| June 4, 2008 -
The City of Knoxville and the Metropolitan Planning Commission (MPC) will host two public meetings regarding the proposed reorganization of Article 4 and Article 7 of the city’s zoning ordinance.
The first meeting is set for 7 p.m., Monday, June 16, in the Small Assembly Room of the City County Building and will focus on familiarizing the public with the proposed changes as well as allowing for public comment on the changes.
The second meeting, for further discussion of the issues, is scheduled for 7 p.m., Monday, July 7, in the Small Assembly Room.
A draft of the suggested revisions will be available on the MPC’s website, www.knoxmpc.org, beginning June 6.
The purpose for the proposed changes to Article 4, Specific District Regulations, is to end the practice of simply adding newly adopted zone districts to the end of a growing menu of districts. It would also create groups of districts that are similar in purpose and administration.
“This could be compared to reshuffling a deck of cards into suits of like cards instead of just one card after another,” said Mark Donaldson, MPC’s Executive Director.
The proposed reorganization of Article 7, Administration and Enforcement, is similar in intent, but includes an effort to consolidate all the administrative procedures, certifications and approvals - now spread throughout the code - into one, easily referenced section.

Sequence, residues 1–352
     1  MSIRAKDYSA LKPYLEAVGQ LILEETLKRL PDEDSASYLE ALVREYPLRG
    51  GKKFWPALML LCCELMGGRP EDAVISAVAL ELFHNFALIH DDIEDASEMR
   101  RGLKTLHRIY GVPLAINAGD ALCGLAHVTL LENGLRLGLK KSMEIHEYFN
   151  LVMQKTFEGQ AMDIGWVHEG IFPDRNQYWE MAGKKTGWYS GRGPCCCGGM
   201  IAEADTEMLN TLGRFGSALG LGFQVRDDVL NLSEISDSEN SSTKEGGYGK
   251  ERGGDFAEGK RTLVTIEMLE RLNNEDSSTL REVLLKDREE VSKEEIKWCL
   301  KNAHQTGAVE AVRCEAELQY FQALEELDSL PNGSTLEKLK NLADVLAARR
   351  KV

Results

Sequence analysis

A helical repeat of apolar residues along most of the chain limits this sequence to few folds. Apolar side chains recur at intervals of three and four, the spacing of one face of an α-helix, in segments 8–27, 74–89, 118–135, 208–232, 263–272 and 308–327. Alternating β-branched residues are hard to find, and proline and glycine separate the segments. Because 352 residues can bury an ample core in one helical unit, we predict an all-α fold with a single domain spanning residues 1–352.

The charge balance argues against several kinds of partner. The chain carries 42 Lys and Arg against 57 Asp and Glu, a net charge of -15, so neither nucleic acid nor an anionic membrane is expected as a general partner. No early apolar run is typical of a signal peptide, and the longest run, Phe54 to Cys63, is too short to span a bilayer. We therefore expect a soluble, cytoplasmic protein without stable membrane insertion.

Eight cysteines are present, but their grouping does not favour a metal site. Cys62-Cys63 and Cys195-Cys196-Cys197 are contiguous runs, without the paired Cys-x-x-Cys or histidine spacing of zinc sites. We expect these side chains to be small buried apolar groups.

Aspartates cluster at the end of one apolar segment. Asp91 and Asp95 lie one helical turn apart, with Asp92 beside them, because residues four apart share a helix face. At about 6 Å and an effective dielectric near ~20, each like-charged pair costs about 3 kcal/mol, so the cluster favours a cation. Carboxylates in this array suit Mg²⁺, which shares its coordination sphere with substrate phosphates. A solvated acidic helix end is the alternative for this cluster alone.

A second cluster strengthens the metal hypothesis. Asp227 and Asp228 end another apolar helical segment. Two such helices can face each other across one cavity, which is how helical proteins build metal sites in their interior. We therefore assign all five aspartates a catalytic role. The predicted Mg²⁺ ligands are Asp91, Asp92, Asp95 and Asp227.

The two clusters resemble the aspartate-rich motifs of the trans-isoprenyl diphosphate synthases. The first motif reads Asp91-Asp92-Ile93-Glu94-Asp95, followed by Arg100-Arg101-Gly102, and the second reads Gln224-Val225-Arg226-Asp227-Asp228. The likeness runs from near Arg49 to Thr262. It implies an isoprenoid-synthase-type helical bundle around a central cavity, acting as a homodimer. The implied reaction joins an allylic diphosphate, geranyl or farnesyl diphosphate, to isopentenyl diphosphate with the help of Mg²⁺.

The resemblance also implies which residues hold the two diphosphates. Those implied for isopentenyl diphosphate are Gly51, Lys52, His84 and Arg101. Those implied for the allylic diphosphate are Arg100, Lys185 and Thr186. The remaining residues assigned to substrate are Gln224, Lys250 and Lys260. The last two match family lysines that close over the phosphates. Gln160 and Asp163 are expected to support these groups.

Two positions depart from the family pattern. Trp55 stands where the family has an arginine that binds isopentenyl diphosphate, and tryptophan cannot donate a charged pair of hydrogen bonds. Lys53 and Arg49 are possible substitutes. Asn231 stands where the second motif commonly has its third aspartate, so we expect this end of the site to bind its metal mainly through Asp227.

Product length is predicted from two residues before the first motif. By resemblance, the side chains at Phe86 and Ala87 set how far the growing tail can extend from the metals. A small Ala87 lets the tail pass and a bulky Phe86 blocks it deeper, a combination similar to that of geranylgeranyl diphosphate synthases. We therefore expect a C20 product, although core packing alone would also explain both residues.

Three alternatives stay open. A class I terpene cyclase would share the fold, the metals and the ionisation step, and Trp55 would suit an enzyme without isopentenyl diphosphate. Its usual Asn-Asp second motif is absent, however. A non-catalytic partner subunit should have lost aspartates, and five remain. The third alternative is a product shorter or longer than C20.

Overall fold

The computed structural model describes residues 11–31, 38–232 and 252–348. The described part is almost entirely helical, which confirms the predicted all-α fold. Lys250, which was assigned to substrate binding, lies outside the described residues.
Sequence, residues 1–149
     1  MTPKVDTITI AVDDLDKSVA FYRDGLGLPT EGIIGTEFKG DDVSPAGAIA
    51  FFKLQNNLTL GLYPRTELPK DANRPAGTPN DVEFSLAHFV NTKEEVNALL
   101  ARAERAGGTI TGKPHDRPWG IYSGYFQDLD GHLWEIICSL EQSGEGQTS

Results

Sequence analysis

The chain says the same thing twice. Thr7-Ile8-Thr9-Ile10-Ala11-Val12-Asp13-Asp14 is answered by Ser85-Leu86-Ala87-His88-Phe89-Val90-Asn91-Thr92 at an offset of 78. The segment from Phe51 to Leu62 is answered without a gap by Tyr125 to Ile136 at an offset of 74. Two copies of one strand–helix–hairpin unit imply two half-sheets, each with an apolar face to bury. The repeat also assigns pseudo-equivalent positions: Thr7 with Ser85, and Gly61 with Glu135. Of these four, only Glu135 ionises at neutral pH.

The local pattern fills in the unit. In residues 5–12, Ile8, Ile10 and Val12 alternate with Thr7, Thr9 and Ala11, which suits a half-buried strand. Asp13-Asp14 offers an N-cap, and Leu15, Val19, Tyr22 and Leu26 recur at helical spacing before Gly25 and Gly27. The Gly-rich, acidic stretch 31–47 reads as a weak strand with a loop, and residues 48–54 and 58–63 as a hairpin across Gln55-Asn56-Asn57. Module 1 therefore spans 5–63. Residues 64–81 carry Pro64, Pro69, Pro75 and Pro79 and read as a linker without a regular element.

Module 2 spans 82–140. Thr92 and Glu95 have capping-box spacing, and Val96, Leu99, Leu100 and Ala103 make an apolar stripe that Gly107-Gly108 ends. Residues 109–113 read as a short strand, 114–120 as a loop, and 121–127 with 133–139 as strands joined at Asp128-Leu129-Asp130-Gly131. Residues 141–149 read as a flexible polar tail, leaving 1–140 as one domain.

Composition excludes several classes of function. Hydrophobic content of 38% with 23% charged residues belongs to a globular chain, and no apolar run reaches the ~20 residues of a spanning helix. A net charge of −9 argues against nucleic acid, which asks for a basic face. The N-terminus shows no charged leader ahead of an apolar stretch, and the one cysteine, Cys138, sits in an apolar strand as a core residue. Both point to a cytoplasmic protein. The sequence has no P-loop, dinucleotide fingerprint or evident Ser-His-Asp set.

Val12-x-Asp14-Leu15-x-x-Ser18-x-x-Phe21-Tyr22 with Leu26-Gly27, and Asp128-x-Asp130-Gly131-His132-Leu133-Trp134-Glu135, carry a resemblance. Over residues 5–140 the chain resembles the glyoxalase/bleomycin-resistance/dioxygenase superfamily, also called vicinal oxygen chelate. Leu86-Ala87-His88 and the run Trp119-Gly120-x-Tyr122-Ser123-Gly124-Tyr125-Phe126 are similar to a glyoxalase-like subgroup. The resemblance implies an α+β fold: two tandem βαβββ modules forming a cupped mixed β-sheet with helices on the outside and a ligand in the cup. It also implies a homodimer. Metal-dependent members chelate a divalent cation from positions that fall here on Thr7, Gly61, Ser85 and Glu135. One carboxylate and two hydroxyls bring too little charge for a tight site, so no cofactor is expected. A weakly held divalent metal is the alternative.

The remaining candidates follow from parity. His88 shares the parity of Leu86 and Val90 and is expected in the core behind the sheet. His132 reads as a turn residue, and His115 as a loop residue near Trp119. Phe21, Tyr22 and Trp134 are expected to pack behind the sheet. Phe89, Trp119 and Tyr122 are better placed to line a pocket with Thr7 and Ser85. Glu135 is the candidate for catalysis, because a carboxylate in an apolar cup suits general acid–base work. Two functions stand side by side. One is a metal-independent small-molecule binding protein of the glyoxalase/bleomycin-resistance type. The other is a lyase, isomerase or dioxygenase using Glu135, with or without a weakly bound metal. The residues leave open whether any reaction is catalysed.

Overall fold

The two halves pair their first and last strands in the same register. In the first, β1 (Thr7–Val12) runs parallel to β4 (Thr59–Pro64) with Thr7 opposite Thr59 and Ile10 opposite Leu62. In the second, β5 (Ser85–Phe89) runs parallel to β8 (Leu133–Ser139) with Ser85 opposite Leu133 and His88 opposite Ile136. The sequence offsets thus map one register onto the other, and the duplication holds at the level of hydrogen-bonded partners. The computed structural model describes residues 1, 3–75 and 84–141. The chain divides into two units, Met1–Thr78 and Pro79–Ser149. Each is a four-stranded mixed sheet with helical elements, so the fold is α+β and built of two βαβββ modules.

This effort will not amend any policy or regulations currently found in the Zoning Code.
The intent is to simply reorganize and consolidate existing regulations into a more understandable format. In addition it will bring into the Zoning Code, regulations and procedures that are currently described in the Knoxville South Waterfront Form Based Development Code and make them applicable to any new form districts that are subsequently created.
Both the City of Knoxville and MPC believe that these changes would benefit residents by providing a more user friendly zoning code, clarification of the administration and enforcement elements of the code, an explanation of the appeals process as well as the creation of a place for new form base codes that have been recommended for several urban areas.
“This proposal basically takes the Zoning Code created over the last fifty years, cleans it up, makes it easier to use and provides a better framework for future zoning initiatives,” said Bob Whetsel, Director of Redevelopment for the city.